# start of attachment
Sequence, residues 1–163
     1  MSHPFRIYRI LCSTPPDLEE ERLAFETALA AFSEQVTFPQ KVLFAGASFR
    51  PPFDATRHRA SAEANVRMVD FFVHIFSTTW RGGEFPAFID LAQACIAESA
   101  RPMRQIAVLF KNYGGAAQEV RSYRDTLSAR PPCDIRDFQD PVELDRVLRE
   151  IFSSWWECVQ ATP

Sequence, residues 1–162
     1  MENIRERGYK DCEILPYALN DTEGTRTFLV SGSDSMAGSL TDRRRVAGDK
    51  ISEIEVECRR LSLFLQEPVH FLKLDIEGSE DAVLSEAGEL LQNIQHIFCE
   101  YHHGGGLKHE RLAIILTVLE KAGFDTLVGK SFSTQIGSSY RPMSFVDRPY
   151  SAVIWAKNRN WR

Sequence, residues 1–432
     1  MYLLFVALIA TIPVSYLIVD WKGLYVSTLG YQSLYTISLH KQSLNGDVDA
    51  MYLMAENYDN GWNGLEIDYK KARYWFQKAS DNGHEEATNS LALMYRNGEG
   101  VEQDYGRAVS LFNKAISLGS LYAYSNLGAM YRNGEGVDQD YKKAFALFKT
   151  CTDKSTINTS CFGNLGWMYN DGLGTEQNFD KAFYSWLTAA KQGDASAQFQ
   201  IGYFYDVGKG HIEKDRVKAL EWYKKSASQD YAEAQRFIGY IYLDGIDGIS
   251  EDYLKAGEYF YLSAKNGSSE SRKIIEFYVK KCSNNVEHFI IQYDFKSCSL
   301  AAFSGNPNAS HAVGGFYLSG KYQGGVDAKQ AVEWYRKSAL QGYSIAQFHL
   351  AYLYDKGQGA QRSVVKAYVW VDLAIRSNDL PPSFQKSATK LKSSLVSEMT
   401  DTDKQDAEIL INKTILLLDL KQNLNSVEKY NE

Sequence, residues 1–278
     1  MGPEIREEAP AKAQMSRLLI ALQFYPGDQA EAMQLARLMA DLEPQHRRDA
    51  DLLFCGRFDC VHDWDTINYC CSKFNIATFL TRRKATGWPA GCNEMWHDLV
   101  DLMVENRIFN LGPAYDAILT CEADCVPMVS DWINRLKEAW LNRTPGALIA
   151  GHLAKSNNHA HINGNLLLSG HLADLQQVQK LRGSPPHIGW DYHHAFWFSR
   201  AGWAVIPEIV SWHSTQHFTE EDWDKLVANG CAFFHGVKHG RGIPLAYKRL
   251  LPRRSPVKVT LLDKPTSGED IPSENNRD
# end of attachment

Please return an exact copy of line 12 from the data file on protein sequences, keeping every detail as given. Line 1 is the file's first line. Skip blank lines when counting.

     1  MYLLFVALIA TIPVSYLIVD WKGLYVSTLG YQSLYTISLH KQSLNGDVDA